Virtual clients are personal computers that serve as the physical hosts for a number of virtualized machines. It is the personal computer analog to virtual servers, which describes virtualization environments where servers are used as the physical hosts for virtual machines. Virtual clients are an essential component of virtualization, and while the specific features of virtual clients will necessarily vary from one to the next, the most common of these features will be explained in this article.
The defining feature of a virtual client is that it makes it possible for users to run a number of virtualized machines that collectively share the hardware resources of the single client system. The single client system is most often a personal computer with an architecture based on Intel’s x86 processor.
How Virtualization Works
Through virtualization, an essentially unlimited number of virtual machines can be installed to the same physical machine. A different operating system can be installed on each virtual machine on the virtual client. Each operating system may be used to install a number of applications. As a result, there are a number of sizing, scaling, and efficiency advantages to using virtual clients in business and enterprise environments.
One of the most significant benefits and features of a virtual client is the added security it brings over traditional one computer, one operating system, one application setups commonly found in business environments. When such environments switch from personal computers to virtual clients, applications that are designed for productivity and performance can be kept away from applications that are designed for personal endeavors and hobbies.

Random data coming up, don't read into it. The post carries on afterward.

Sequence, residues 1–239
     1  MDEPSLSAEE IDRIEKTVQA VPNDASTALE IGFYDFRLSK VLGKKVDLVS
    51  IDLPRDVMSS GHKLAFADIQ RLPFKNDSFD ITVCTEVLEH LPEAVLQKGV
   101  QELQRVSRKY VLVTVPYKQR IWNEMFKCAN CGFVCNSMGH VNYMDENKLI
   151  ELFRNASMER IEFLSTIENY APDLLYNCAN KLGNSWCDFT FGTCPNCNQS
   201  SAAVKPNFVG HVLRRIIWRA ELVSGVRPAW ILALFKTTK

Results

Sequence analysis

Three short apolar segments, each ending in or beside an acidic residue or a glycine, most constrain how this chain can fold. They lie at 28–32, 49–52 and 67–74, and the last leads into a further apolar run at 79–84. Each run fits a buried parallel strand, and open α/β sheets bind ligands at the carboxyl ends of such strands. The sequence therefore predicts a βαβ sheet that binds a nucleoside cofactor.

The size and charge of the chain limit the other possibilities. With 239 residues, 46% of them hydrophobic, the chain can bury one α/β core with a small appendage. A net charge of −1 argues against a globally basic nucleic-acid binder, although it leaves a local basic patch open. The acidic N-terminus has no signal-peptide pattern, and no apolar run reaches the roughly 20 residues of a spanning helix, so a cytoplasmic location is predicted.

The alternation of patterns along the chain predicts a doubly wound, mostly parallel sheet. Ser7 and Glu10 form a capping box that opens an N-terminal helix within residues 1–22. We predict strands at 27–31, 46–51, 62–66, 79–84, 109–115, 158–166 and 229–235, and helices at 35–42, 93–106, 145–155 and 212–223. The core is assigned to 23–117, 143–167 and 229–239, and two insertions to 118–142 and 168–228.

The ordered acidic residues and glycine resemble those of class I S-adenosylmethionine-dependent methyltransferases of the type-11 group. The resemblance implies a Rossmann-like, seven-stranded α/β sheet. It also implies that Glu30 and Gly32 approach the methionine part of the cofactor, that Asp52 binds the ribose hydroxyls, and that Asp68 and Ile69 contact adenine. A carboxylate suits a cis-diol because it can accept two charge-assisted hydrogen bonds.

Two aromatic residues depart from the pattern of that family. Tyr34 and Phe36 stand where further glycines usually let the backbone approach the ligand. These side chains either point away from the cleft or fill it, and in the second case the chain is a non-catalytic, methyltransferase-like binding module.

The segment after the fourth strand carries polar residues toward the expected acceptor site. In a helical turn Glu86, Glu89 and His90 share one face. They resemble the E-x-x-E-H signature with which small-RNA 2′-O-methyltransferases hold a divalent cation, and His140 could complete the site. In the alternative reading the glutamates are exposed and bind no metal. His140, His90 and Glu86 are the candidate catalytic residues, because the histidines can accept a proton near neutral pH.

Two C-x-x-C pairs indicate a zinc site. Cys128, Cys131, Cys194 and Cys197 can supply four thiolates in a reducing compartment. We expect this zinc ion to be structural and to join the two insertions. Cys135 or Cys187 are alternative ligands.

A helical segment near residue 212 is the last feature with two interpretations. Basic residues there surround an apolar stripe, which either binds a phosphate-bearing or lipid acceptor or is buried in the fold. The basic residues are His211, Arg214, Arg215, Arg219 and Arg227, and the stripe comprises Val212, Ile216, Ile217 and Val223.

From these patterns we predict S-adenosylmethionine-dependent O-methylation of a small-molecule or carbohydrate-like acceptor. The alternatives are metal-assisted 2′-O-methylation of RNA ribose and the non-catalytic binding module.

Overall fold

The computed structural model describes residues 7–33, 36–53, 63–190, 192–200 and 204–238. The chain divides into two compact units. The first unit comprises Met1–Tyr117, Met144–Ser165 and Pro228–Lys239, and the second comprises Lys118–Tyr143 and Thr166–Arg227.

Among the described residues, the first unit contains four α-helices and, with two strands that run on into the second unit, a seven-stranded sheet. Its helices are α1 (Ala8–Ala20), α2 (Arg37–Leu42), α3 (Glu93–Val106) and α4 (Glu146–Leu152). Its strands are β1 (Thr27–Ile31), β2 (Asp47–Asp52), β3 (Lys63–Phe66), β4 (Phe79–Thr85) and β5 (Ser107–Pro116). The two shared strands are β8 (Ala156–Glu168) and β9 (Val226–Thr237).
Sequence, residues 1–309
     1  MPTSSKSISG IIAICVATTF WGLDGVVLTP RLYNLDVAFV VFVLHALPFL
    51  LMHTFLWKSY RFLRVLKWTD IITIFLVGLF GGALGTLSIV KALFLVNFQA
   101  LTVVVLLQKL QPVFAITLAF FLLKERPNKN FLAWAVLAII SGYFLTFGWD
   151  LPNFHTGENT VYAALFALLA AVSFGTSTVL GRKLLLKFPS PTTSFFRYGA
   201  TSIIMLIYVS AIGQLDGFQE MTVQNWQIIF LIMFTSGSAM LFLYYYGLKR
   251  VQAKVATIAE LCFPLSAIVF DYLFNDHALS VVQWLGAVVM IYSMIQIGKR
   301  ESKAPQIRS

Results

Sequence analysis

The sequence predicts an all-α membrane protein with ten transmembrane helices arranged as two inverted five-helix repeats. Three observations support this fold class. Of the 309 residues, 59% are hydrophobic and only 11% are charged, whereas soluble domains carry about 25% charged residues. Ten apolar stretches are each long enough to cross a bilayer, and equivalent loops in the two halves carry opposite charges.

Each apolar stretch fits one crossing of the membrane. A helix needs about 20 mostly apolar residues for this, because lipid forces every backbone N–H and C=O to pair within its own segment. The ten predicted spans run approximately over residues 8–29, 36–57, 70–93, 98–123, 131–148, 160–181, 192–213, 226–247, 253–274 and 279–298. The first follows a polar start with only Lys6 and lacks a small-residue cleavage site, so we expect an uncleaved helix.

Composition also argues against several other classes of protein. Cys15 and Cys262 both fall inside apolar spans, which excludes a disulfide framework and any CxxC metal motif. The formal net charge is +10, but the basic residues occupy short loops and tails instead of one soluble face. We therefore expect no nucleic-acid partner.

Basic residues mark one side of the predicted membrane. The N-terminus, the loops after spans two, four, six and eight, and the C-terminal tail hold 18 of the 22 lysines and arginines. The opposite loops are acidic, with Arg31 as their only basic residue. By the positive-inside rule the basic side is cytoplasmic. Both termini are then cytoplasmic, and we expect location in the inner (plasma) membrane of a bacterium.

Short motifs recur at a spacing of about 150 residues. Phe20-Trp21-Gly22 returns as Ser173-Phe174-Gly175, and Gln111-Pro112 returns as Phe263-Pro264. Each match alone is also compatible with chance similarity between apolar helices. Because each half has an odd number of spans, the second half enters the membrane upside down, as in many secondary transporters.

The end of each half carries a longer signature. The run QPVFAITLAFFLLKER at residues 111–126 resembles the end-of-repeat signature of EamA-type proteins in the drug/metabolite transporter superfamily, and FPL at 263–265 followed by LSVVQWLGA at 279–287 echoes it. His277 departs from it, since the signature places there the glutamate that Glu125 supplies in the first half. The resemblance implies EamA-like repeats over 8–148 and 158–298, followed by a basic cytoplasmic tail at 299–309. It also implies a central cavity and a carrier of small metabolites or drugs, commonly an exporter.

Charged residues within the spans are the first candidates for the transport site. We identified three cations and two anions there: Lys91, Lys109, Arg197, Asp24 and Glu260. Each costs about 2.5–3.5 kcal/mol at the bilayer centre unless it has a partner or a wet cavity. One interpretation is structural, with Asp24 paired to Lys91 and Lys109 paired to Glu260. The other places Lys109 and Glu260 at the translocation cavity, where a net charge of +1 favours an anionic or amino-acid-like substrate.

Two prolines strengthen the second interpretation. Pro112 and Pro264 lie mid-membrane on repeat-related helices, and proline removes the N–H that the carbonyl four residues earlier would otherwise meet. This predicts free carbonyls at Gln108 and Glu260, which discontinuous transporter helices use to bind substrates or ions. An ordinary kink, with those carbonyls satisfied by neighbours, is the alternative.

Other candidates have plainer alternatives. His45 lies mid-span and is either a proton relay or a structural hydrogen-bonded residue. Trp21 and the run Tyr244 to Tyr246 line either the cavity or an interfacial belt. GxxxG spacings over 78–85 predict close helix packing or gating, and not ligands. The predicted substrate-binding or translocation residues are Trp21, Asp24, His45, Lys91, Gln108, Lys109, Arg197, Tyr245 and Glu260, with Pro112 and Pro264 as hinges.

As a result, information technology specialists can easily and effectively keep the more risky elements of personal computer work from productivity tools critical to business operations. Examples of risky elements in personal computing include music, videos, pictures, online and offline games, chat clients, and web browsers.
These tools are responsible for the vast majority of security compromises in business environments, which means having a way to separate these tools from tools based on productivity can have significant ramifications for businesses and enterprises. Tools that are expressly related to the functions of workers and the goals of the business tend to involve office productivity software, email clients, and applications designed for enterprises and specific companies.
Another significant benefit and feature found within virtual clients is the ability to increase control over how information is accessed within a business environment. With standard computing systems, each employee has full access to the features of his or her own personal computer, which means the risks of unsolicited access to confidential or high level information increases dramatically.
This is particularly a problem when remote workforces are present, as it can quickly become impossible to supervise the actions of workers in the field or in offices hundreds of miles from the central headquarters of a business. Through virtual clients, systems and applications can be isolated quickly and effectively, which means companies have greater power over determining how workers access important information. Departments also gain the power to determine who has access to important information.
David Malmborg works with Dell. When David is not working he enjoys spending time with his family. For more information on virtual clients, David recommends clicking here.